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Botulinum toxin injection and tear production

Alsuhaibani, Adel H.a; Eid, Shaikha Alb

Current Opinion in Ophthalmology: September 2018 - Volume 29 - Issue 5 - p 428–433
doi: 10.1097/ICU.0000000000000506

Purpose of review In 1980, botulinum toxin type A (BTX-A) was introduced for the treatment of strabismus and benign essential blepharospasm. Since then, a number of additional indications have been introduced, which continue to expand, providing less invasive solutions in managing different ophthalmic conditions.

Recent findings Successful trials of BTX-A injection into the lacrimal gland have been reported for the treatment of epiphora caused by primary lacrimal gland hyperlacrimation, functional tearing, gustatory tearing, and lacrimal outflow obstruction. This is achieved through blockage of the cholinergic receptors by BTX-A at the glandular level. Interestingly, BTX-A has also been found to be useful in treating patients with dry eyes by compromising the tear drainage from the eye through injection of BTX-A in the medial part of the lower eyelid. BTX-A may help provide effective relief for patients who have two different ophthalmic comorbidities such as benign essential blepharospasm and dry eye.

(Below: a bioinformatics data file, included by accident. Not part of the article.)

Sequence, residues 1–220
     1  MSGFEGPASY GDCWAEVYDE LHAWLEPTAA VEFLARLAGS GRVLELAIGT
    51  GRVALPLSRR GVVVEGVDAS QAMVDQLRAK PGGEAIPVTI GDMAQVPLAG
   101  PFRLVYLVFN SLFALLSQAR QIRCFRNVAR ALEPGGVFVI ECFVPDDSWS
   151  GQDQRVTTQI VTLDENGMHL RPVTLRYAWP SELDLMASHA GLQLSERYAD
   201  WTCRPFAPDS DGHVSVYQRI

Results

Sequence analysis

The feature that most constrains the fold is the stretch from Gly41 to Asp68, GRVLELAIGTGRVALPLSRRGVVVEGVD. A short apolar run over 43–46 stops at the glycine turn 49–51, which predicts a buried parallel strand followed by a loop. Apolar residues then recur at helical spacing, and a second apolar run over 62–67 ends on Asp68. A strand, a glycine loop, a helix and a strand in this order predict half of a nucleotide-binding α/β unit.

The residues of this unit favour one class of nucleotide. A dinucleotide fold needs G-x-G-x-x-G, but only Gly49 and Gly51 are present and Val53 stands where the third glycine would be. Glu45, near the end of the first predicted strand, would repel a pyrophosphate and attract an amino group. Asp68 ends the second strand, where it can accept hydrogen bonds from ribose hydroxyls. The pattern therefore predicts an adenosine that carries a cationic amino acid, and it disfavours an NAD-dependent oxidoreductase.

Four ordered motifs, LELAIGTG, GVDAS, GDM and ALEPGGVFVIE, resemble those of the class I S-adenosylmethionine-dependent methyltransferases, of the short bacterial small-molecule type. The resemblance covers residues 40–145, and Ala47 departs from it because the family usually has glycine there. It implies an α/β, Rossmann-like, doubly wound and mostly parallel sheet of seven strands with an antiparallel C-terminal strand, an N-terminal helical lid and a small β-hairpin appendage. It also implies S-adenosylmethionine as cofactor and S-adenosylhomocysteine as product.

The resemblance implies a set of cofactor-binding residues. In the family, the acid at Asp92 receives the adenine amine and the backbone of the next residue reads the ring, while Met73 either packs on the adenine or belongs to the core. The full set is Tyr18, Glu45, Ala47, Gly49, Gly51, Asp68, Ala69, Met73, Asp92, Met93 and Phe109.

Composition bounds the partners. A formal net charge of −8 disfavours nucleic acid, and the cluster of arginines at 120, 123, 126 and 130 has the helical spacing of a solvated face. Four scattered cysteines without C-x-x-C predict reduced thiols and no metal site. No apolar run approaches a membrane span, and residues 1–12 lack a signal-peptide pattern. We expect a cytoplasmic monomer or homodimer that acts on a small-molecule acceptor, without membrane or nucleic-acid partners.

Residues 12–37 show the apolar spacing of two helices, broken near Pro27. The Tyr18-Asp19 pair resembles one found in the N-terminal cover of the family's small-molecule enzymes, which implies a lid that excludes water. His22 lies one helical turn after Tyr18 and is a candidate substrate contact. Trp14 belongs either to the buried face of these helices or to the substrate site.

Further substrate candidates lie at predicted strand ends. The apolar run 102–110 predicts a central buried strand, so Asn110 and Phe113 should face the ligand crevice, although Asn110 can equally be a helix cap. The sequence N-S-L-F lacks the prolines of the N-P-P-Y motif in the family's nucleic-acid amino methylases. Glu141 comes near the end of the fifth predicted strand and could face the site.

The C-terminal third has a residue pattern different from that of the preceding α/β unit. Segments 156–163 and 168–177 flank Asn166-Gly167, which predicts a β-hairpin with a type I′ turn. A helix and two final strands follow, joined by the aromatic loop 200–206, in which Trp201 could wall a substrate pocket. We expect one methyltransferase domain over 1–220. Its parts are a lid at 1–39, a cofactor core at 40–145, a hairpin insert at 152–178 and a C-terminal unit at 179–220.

Summary Better understanding of the mechanism of BTX-A action in the treatment of the growing applications in ophthalmology helps provide relatively noninvasive solutions for patients. Full awareness of possible side effects of BTX-A and the optimal way to manage them is vital for the success of this treatment option.

aDepartment of Ophthalmology, College of Medicine, King Abdulaziz University Hospital, King Saud University

bDepartment of Ophthalmology, Imam Abdulrahman Bin Faisal University, Kingdom of Saudi Arabia

Correspondence to Adel H. Alsuhaibani, MD, Department of Ophthalmology, College of Medicine, King Abdulaziz University Hospital, King Saud University, PO Box 245, Riyadh 11411, Kingdom of Saudi Arabia. Tel: +966 11 282 3350; fax: +966 11 477 5724; e-mail:

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